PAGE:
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GEN News Highlights : Aug 4, 2010
Genzyme and Isis Complete Phase III Program for LDL-C Reducing Therapy
Initial filing for mipomersen will cover homozygous familial hypercholesterolemia.!--h2>
Genzyme and Isis Pharmaceuticals reported positive Phase III results from two studies of mipomersen in patients who had high cholesterol levels while on maximally tolerated lipid-lowering therapy. With these studies, the companies have completed the four Phase III trials that are planned to be included in the initial U.S. and EU regulatory filings.
Expected in the first half of 2011, these filings will seek approval for the treatment of patients with homozygous familial hypercholesterolemia (hoFH) and may also include patients with severe hypercholesterolemia.
The two previous Phase III studies of mipomersen, which focused on patients with homozygous and heterozygous FH (heFH), also met their primary and secondary endpoints. In November 2009, Genzyme and Isis said that mipomersen decreased LDL-C in hoFH patients by 25%. Then in February of this year, the companies reported that the drug reduced LDL-C in heFH patients by 28%.
Mipomersen is an apo-B synthesis inhibitor intended to reduce LDL-C by preventing the formation of atherogenic lipids. It acts by decreasing the production of apo-B, which provides the structural core for all atherogenic lipids including LDL-C.
In the studies being reported today, patients with severe hypercholesterolemia getting mipomersen demonstrated 36% reduced LDL-C, the primary endpoint, compared with a 13% increase in those receiving placebo. In patients with high cholesterol and high cardiovascular risk, mipomersen reduced LDL-C by 37% compared with a 5% reduction in the placebo group.
Both studies met all their secondary endpoints as well, according to Genzyme and Isis. Frequently observed adverse events were injection site reactions, flu-like symptoms, and elevations in liver transaminases.
One of the studies was a double-blind, placebo-controlled trial that included 58 patients with severe hypercholesterolemia. Severe hypercholesterolemia patients were defined as those who have LDL-C levels ≥200 mg/dL with baseline cardiovascular disease (CVD) or LDL-C levels ≥300 mg/dL without CVD. Patients were randomized 2:1 to receive a 200 mg dose of mipomersen or placebo weekly for 26 weeks. This study was conducted at 26 sites in North America, Europe, and South Africa.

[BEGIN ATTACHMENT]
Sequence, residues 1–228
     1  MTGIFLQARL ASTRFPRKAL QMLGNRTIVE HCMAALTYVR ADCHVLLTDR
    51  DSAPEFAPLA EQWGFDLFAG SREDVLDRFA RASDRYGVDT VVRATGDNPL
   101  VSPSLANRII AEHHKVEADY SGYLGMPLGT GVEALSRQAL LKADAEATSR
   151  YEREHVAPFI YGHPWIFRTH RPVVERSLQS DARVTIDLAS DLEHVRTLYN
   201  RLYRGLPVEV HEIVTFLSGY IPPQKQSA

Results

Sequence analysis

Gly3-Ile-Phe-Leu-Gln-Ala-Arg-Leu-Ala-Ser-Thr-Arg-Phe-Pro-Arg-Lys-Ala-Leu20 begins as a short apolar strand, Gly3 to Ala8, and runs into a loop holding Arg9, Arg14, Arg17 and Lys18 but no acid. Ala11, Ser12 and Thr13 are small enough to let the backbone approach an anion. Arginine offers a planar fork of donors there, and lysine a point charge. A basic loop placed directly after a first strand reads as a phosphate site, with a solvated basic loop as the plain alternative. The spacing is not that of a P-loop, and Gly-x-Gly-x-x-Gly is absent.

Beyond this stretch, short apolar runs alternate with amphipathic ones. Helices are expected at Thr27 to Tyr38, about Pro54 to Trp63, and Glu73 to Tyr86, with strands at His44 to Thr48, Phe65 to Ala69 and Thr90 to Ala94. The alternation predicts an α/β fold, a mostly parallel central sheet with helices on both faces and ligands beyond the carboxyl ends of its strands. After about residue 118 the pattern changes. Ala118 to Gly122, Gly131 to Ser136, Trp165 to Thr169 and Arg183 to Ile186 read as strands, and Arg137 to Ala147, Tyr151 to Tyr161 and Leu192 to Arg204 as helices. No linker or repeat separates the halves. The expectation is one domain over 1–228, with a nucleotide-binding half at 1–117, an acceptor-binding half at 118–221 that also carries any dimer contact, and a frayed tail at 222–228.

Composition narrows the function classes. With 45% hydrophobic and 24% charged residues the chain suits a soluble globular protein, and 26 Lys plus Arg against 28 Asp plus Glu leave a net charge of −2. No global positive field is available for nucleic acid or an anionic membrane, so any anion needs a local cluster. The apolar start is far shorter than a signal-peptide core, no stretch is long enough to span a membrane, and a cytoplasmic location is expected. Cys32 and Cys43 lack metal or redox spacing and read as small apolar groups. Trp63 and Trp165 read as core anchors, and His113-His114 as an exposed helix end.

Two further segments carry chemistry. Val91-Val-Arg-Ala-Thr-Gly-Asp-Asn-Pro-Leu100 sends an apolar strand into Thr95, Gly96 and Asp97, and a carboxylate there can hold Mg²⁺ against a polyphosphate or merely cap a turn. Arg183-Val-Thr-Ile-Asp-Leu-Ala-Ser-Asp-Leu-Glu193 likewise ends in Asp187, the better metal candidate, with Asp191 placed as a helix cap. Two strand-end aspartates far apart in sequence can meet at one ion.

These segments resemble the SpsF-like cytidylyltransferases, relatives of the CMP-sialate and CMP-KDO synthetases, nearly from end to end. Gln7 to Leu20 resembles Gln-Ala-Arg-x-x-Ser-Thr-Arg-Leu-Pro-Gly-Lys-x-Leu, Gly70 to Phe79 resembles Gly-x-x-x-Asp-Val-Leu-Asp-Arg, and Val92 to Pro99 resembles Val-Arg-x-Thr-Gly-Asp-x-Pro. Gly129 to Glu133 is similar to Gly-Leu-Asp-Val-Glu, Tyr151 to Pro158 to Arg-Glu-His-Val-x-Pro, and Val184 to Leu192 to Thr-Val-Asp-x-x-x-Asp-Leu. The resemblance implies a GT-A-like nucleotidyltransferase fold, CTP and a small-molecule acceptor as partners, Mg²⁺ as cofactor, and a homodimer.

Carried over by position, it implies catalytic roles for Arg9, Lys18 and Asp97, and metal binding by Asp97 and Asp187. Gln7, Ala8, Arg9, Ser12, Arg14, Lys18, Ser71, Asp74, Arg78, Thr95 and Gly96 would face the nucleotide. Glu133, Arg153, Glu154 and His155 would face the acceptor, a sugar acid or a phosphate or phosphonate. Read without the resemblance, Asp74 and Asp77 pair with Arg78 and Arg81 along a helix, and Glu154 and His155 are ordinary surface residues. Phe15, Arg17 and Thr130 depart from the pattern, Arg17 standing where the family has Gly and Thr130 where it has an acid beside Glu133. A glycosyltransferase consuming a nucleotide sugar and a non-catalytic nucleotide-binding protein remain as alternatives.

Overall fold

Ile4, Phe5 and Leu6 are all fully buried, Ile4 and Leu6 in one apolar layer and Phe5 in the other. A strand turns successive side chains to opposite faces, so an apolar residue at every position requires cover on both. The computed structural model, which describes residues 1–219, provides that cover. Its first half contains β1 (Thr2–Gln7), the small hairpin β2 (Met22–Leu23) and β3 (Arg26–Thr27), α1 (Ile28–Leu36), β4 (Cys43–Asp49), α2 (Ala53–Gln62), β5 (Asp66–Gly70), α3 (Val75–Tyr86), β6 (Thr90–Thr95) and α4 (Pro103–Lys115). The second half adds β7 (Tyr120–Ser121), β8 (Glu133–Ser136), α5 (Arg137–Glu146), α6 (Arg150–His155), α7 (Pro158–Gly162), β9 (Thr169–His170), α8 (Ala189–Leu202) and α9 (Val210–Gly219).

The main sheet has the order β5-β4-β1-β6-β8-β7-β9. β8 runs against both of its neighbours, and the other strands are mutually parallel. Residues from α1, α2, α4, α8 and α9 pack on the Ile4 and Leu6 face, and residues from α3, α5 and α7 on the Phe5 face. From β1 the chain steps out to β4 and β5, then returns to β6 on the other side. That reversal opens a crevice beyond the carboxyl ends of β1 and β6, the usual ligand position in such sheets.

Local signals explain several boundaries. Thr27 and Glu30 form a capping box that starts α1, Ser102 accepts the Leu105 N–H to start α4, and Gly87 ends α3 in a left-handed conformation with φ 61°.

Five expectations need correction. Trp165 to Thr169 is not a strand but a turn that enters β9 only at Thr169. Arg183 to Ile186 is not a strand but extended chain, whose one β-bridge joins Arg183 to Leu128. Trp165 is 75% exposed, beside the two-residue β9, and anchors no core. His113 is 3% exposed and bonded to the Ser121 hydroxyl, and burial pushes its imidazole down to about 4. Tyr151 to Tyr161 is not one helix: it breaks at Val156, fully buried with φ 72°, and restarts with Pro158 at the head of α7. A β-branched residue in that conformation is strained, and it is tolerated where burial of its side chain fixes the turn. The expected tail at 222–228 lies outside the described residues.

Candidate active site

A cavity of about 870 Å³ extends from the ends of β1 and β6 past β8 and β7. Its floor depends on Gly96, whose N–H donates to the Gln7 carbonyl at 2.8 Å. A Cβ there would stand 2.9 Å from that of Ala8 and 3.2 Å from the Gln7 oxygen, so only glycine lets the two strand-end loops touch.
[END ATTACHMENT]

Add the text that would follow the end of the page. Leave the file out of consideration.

Besides reducing LDL-C from the average baseline level of 276 mg/dL to 175 mg/dL, the drug also met each of its three secondary endpoints with statistically significant reductions in apo-B, non-HDL-cholesterol, and total cholesterol, the companies report.
Of the 39 patients treated with mipomersen, 27 completed treatment. Eight of the discontinuations in the mipomersen group were reported as being related to adverse events, the nature of which was generally similar to previous studies, state Genzyme and Isis. There was one death in the study due to acute coronary syndrome in a patient treated with mipomersen that was reported as unrelated to treatment.
Elevations in liver transaminases (ALTs) in patients treated with mipomersen were generally similar to those seen in other studies, the companies add. Fifteen percent of patients had persistent ALT elevations above three times the upper limit of normal (3X ULN) during the treatment period.
The second study reported today was conducted in 158 hypercholesterolemic patients at high risk of developing coronary heart disease. It was a double-blind, placebo-controlled trial, and patients were taking a maximally tolerated dose of a statin. Patients were randomized 2:1 to receive a 200 mg dose of mipomersen or placebo weekly for 26 weeks. This study was conducted at 43 sites in the U.S. and Canada. This was the first study of mipomersen designed to evaluate patients with diabetes. More than 50% of patients in the study had type 2 diabetes.
Patients treated with mipomersen had an average LDL-C at baseline of 123 mg/dL. At the end of the study, these patients had an average LDL-C level of 75 mg/dL. The trial also met each of its three secondary endpoints with statistically significant reductions in apo-B, non-HDL-cholesterol, and total cholesterol.
Of the 105 patients treated with mipomersen, 60 completed treatment. Twenty-six of the discontinuations in the mipomersen group were reported as being related to adverse events, which Genzyme and Isis believe are similar to previous studies.
As with the study in patients with severe hypercholesterolemia, elevations in ALTs were observed that were similar to those seen in other trials. Ten percent of patients had persistent ALT elevations above 3X ULN during the treatment period.
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